Los Angeles with Anna - Part I - Pairing the Leica M10 with the Leica 28mm f/1.4 Summilux + APO 50mm f/2 Summicron
I don't know if jet lag contributed to our mood at the time, but Venice Beach really wasn't for us. Having said goodbye to the serenity of the Indian Ocean just a couple of days earlier, appreciating the circus-like atmosphere on this stretch of the Pacific may have been too overwhelming, so soon off the plane. Too ambitious? Or perhaps Venice just isn't our scene? Either way, we didn't stay too long, opting for a quick retreat back to the more familiar confines of corporatized comfort.
Obviously, we didn't plan the final leg of our trip. Not that we planned the first or the second leg either. That would've been too much to expect. But unlike Tokyo and Bali, we had six full days in Los Angeles. OMG! What were we going to do here? It's not as if we could just wing it on foot and lose ourselves to the city. Without planning and a car, no amount of walking around would get us far enough to even get lost, let alone lose ourselves.
Well, there is that one bucket list thing Anna wanted to do. Being a fan of the television show "Charmed", she wanted to visit the Halliwell Manor, where the three principle characters resided. Needless to say, we made a pilgrimage to the painted Victorian house now made famous on the show. But then, what do we do for the rest of our stay?
Admittedly, I'm not new to Los Angeles. I used to come here regularly until moving back to Hong Kong eight years ago. To that extent, I could always fall back on whatever tidbit I recall from memory. I mean, I know Rodeo well, being a regular patron of the Beverly Wilshire. And I know Malibu along the Pacific Coast Highway. Plus, I also know Santa Monica... albeit by the pier. At the very least, I should know enough to get us started.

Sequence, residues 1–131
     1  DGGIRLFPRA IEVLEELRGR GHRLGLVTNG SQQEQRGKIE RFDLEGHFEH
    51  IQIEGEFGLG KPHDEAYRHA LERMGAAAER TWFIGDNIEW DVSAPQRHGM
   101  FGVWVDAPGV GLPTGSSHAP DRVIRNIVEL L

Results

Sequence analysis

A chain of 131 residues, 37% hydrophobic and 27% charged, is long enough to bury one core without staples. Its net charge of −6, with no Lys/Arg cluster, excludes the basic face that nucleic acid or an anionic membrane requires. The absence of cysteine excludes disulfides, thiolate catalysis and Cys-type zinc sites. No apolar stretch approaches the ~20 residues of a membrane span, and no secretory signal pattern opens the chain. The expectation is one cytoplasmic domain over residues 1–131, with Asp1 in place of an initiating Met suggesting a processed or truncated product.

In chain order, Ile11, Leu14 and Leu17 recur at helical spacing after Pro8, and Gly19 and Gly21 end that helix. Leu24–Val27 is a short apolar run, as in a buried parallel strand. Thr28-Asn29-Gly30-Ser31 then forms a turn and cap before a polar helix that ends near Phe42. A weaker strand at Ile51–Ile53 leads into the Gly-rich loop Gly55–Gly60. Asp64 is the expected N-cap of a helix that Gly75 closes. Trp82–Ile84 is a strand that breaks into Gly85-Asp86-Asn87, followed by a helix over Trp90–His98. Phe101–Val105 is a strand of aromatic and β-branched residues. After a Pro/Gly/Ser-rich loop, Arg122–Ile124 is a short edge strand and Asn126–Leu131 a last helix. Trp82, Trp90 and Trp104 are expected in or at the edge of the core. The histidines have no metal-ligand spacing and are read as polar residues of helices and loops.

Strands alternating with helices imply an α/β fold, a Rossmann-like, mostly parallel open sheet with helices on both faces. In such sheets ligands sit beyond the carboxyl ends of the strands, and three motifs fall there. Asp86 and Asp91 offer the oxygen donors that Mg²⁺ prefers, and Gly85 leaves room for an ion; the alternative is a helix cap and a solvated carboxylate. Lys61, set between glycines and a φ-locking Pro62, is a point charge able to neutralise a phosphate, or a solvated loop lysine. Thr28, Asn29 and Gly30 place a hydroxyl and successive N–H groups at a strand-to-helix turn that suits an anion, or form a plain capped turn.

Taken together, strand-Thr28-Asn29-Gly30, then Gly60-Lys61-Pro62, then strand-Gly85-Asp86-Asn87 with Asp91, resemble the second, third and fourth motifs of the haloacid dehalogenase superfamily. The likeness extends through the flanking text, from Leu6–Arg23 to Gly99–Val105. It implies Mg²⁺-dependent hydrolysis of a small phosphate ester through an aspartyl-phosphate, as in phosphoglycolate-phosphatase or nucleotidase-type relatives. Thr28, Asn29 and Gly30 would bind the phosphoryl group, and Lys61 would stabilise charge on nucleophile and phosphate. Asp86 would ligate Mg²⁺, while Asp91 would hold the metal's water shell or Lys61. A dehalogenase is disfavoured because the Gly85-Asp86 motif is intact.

But then a curve. Anna wanted a nighttime viewing of the famed Hollywood sign atop Griffith Observatory. How very dreadful. So up the mountain path we inched, crawling behind a line of slow traffic, only to be turned away by park rangers at the top. The parking lot was full, owing to the overflow of visitors flocking for their nighttime "La La Land" moment - I'm assuming. Even so, had we found parking, the city no longer lit up the sign at night for safety reasons. In other words, we wouldn't have seen anything. So essentially, we did all this for nothing.
Definitely blame it on jet lag. Well, so much for the first two days of our visit. Jet lag will do that to you. The third day will be better.
For quite some time, I've been overly dependent on the Leica 28mm f/1.4 Summilux ASPH. Even on the first two days of our visit, the 28 Summilux was the only lens I used. So on the third day, I made a decision to ween myself off it. No, I wasn't quite ready to let it go just yet. I was still greatly impaired by jet lag. But since I brought two Leica M10s with me, it only made sense to use them both. Might as well pair a different focal length on the second one.
Besides, the sensor on my first M10 was in dire need of cleaning. It wouldn't make sense not to take advantage of a clean new sensor.